Thursday, March 15, 2012

The Ides of March, Transportation and Logistics, and the Braess Paradox

March 15 is the Ides of March and one year ago I was filmed on Broadway in New York City about traffic congestion, gridlock, and the Braess paradox, as part of the PBS series America Revealed.

Today, I am sitting in my office at the School of Business, Economics and Law at the University of Gothenburg, Sweden, where I am for 2 weeks as part of their innovative Visiting Professors Program. Gothenburg has a fabulous transportation system with blue and pale yellow trams snaking throughout, along with busses, as well as numerous bicyclists and pedestrians, along with a major port. Hence, transportation and logistics in both research and practice are very valued here.

I am enjoying my interactions with outstanding faculty, students, and postdocs in Sweden very much. It certainly helps that one of the groups that is hosting me has received a major grant from the Swedish government to research Sustainable Transportation. I am also learning about maritime transportation, a topic that I don't get much opportunity to experience back in Amherst, Massachusetts. With the deepening of the Panama Canal, maritime transportation will be a timely topic, back in the US as well. The Swedes have been leaders in intermodal transportation for many years as well as in maritime transportation.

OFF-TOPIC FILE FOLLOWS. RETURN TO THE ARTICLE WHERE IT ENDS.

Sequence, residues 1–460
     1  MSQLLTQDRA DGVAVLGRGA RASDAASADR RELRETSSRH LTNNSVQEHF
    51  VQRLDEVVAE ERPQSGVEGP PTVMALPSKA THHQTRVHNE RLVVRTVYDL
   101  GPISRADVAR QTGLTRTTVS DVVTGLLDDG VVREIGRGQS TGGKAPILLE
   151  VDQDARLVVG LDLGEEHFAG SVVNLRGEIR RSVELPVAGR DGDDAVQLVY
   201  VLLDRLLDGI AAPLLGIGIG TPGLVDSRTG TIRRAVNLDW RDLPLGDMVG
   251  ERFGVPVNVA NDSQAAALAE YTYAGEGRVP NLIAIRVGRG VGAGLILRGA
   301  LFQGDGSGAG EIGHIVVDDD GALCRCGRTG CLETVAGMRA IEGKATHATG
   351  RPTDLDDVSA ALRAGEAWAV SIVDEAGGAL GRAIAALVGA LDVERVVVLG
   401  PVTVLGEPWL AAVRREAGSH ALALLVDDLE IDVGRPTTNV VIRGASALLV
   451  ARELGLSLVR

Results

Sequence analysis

Coincidentally, yesterday, I received a wonderful message from one of the producers at LionTV in London, who was involved in the special America Revealed production, that I appear in, and the message said:

Hi Anna,

Hope you have been keeping well. Just to let you know the website went live a couple of weeks ago, but we didn't announce it as there were still a few tweaks to do, but it's all looking pretty ship shape now, so I thought I'd let you know about it!

Many thanks for all your hard work.

Analytics magazine has a nice writeup on the videoclip that I was filmed for last year on Broadway as does one of the UMass publications In the Loop . In the clip I even note Caesar, which is appropriate on this day, the Ides of March.

For those of you who are interested in learning more about the Braess paradox (how the addition of a road may make everyone worse off in terms of travel time), you may view the lecture that I gave here yesterday. It was on supply chains but I emphasized the importance of capturing decision-making behavior, whether centralized or decentralized, and did highlight the Braess paradox as well as what happens when demand varies over time.